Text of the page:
Good news on the religious freedom frontlines
We should respect and celebrate our differences, and new federal guidance on prayer and religious expression in public schools will help schools do that while avoiding unnecessary conflict.
“Our goal is to provide clarity and reaffirm our students’ freedom of religion,” U.S. Secretary of Education Miguel Cardona said in a video address introducing updated federal guidance on prayer and religious expression in public schools. “Educators and school leaders should continue fostering inclusive environments and making accommodations for students from all religious and nonreligious backgrounds.”
From BJC’s perspective, it was good news that can move conversations from a football coach prayer controversy to religious freedom consensus in education and extracurricular opportunities. We can all cheer about that! The guidance builds on decades of agreement about how the Constitution protects the religious liberty of public school students and teachers.
BJC has long been a leader in promoting religious liberty in our nation’s public schools. Two things drive our efforts. First, public schools educate the vast majority of students in America — students that reflect the religious diversity of our nation’s population. Public schools are where many of us first met friends from different religions and learned to value Americans of other faiths as equal citizens. Second, public schools provide a useful context for understanding the way the religion clauses work together. Public schools are government entities constitutionally bound to avoid any establishment of religion, while protecting the free exercise rights of the students they serve and teachers they employ.
The U.S. Department of Education’s practice of providing guidance to public schools, along with a requirement that local educational agencies must certify their compliance, helps reduce conflicts over religion. BJC supports these efforts, including the Biden administration’s decision to update the guidance after the U.S. Supreme Court’s 6-3 decision in Kennedy v. Bremerton — the football coach prayer case.
The Kennedy decision continued the Court majority’s shift in religion cases away from principles that have protected against government-sponsored religion. The Court abandoned a long-standing test for deciding what constitutes a government establishment of religion, leaving a fair amount of confusion in its wake. The good news, however, was that the Court’s ruling in favor of the coach was based on selective facts that do not change expectations that teachers cannot coerce students into religious exercises. The coach’s success in the case hinged on his praying alone when his players were otherwise engaged.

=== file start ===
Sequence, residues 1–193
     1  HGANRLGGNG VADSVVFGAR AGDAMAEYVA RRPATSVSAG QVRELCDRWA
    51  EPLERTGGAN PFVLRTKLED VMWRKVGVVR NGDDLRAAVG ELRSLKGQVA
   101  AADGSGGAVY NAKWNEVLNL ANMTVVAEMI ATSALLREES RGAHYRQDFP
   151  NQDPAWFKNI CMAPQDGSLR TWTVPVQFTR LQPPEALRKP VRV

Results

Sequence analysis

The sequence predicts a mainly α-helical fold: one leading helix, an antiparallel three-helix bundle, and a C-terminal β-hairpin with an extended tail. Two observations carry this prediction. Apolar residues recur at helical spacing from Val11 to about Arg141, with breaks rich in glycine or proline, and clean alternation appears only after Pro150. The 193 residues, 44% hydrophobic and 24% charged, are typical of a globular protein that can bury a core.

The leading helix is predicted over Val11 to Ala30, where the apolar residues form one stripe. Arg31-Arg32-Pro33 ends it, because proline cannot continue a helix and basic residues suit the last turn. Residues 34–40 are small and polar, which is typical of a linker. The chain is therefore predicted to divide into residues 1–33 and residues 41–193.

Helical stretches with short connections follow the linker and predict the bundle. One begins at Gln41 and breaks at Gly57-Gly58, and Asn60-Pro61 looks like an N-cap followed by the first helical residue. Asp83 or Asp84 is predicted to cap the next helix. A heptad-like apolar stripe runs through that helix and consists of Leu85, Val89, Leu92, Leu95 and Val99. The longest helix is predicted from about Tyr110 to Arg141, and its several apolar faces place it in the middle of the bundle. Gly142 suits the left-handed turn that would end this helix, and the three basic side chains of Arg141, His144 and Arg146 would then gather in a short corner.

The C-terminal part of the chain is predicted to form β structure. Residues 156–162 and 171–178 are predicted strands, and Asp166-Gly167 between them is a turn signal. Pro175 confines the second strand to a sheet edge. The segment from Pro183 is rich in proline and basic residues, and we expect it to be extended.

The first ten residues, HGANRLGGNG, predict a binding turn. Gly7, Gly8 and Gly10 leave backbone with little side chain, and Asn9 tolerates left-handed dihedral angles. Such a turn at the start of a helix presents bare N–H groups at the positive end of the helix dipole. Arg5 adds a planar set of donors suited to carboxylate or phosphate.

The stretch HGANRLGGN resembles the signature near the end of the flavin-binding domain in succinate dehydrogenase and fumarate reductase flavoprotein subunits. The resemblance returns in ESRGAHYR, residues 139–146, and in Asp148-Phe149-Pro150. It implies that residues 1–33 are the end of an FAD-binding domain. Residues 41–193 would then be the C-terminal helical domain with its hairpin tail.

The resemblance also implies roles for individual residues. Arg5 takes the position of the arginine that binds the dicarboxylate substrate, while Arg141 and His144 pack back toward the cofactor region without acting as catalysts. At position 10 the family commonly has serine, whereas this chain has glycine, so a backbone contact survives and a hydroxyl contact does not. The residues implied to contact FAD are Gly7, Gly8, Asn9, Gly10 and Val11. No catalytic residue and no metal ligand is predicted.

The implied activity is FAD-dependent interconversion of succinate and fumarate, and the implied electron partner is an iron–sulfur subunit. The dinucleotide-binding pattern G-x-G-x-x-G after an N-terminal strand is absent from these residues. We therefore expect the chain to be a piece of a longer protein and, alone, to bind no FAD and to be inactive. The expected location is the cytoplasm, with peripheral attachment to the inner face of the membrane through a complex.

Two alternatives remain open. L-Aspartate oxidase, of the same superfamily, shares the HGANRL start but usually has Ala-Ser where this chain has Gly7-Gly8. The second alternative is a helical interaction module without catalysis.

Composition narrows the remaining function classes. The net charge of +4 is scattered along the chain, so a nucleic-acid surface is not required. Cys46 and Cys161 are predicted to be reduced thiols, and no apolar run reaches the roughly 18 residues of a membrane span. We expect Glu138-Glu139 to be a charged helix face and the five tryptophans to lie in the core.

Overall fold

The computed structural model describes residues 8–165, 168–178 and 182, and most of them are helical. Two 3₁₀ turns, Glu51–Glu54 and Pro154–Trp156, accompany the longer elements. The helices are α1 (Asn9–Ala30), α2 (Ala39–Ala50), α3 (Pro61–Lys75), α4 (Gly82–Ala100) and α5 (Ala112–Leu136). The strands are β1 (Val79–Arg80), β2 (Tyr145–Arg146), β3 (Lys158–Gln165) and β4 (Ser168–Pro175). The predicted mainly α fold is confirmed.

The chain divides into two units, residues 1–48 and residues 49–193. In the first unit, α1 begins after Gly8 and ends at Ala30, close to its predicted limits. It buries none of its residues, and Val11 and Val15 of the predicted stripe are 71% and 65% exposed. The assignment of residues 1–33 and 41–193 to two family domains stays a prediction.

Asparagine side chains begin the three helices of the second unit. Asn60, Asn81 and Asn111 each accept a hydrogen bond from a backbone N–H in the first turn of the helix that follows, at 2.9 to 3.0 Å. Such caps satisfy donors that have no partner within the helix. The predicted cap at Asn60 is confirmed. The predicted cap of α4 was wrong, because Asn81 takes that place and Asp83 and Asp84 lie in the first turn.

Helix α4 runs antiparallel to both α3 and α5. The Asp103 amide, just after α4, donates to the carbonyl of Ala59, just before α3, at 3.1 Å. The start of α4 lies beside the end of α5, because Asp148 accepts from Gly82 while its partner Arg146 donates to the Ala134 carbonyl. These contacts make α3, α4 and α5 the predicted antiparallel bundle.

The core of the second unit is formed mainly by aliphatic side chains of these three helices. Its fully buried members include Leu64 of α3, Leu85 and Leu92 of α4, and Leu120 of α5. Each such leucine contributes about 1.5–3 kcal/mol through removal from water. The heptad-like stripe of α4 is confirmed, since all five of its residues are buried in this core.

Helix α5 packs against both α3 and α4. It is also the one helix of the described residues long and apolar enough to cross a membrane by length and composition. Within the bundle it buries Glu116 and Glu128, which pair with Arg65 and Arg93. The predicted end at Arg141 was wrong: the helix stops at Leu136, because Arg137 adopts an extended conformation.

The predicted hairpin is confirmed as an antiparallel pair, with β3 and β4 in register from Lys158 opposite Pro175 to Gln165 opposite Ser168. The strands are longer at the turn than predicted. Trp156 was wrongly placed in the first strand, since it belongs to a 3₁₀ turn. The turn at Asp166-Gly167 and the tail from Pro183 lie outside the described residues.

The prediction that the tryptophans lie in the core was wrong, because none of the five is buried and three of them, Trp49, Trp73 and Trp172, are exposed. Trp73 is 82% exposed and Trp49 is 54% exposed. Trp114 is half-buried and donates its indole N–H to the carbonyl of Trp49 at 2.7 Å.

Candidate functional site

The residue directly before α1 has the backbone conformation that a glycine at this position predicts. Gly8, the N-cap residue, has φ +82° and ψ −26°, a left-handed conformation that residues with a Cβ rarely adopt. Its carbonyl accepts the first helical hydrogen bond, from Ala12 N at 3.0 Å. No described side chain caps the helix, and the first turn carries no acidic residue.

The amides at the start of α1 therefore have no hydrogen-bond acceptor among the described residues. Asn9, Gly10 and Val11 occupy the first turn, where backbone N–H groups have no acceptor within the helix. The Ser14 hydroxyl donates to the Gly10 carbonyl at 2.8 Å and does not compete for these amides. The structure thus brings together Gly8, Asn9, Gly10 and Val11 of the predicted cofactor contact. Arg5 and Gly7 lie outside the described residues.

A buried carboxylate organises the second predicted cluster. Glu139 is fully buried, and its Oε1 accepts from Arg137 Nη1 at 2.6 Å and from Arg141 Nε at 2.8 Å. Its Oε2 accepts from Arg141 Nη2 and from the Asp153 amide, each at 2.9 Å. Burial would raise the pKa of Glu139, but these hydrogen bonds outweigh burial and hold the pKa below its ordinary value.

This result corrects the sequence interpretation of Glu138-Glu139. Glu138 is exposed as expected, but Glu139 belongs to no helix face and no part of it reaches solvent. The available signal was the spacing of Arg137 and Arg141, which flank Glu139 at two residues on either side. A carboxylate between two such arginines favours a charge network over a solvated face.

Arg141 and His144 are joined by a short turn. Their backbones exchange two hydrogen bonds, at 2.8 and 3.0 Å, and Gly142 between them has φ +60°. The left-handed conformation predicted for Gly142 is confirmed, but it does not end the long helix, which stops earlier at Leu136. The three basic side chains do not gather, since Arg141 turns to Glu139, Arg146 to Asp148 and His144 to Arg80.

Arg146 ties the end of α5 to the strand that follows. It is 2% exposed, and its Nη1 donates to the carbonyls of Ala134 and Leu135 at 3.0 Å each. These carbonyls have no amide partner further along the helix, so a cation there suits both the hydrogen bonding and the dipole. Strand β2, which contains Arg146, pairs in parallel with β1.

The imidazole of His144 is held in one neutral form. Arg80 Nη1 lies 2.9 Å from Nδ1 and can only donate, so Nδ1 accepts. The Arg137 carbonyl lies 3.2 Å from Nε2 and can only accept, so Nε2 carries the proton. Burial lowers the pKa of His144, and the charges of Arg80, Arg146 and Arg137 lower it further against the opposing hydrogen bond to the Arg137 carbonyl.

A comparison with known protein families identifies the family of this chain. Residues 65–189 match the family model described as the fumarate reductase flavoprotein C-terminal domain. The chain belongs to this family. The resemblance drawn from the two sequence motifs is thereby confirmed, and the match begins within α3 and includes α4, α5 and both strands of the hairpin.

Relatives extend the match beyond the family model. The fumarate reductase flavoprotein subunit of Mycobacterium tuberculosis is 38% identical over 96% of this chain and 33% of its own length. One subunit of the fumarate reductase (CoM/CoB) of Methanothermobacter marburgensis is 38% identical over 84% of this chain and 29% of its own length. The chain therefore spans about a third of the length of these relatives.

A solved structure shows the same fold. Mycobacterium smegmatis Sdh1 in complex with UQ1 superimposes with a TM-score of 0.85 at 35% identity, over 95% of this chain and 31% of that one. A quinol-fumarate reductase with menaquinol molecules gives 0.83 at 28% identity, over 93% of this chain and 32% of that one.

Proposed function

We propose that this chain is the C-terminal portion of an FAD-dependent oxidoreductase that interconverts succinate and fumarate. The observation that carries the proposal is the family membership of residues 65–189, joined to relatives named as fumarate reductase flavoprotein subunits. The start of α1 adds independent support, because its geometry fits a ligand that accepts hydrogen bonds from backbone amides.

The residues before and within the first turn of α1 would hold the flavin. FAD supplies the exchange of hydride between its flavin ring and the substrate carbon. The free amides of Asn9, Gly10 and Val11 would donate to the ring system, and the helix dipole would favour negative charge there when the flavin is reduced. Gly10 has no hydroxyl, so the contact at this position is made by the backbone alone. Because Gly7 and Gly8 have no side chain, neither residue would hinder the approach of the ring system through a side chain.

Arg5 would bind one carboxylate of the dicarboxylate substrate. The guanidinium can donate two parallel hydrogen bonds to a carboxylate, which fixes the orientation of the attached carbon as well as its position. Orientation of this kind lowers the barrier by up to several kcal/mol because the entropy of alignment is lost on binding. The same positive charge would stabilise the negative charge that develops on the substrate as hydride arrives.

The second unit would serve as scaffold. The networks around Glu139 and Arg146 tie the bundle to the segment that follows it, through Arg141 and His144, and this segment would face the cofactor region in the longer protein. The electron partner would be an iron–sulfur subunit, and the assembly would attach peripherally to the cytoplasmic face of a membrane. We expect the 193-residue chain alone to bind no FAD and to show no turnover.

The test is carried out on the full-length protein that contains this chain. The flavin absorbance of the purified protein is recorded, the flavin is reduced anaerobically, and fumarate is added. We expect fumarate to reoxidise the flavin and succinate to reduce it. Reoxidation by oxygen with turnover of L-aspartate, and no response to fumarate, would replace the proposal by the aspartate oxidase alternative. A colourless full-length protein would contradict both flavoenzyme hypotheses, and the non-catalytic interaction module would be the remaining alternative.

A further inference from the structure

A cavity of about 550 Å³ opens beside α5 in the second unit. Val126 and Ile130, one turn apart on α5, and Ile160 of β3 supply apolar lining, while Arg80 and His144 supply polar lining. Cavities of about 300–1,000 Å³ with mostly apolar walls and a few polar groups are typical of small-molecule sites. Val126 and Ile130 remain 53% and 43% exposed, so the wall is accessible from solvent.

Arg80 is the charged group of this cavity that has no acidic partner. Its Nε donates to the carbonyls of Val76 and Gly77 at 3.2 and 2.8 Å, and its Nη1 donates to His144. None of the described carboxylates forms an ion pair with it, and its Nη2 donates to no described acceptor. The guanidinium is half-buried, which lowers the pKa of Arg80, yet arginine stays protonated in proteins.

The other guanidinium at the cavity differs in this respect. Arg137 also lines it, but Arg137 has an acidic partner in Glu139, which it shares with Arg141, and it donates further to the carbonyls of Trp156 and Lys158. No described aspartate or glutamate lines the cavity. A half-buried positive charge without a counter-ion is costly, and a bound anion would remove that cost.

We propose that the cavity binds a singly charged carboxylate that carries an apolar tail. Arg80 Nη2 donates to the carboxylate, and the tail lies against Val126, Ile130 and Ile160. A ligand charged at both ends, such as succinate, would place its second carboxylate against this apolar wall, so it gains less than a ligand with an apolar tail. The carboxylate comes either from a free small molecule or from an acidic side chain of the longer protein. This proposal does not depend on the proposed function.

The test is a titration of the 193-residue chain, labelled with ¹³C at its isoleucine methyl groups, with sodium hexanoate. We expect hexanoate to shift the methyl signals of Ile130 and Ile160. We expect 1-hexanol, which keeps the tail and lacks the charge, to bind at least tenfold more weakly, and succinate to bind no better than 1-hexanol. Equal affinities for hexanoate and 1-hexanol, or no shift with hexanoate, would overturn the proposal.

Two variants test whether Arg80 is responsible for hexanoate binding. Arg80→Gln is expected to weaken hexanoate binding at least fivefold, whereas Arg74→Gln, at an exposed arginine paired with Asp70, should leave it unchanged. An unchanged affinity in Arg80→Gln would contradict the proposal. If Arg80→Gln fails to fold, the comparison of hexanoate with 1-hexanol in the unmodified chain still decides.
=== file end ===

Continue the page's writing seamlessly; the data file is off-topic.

We knew the coach’s “win” may be misused by some who would prefer government-sponsored religion — because the facts were convoluted and the plaintiff claimed to be a victim of anti-religious persecution. But a close reading of the decision is in line with long-prevailing standards that the Court maintained and the administration has now clarified. The guidelines make clear: “Teachers, school administrators and other school employees may not encourage or discourage private prayer or other religious activity.” There are times that school employees are free to engage in their own private religious observance. They cannot, however, “compel, coerce, persuade, or encourage” students to join them.
Students may engage in religious expression during instructional time to the same extent that other nonreligious private expression is allowed. The guidelines spell this out. The rule is similar when it comes to the distribution of literature, use of school property and student dress codes.
The guidelines don’t indicate sweeping changes. The decision in Kennedy v. Bremerton did not upend the long-standing consensus on prayer in public schools. But the guidelines offer every school district the opportunity to examine their policies and uphold important religious liberty standards.
It’s clear that the Biden administration understands the vital role that public schools play in ensuring faith freedom for all students. While occasionally hard questions arise, most debates over legal and constitutional protections for religious expression in public schools have been settled for a long time. The new guidance is in line with that from prior administrations from both parties, going back to the Clinton years.
Students should be free to express their religious beliefs by praying, wearing religious clothing and accessories, and discussing their faith with their peers. Religious groups should be free to meet on school grounds, and educators should teach about religion as an academic subject. Religious liberty in public schools is safeguarded by forbidding teachers and other government employees from leading students in religious exercises while on duty or otherwise coercing students in matters of religion.
I agree with Secretary Cardona’s statement that religious liberty is “one of America’s super powers.” We should respect and celebrate our differences, and this guidance will help public schools do that while avoiding unnecessary conflict.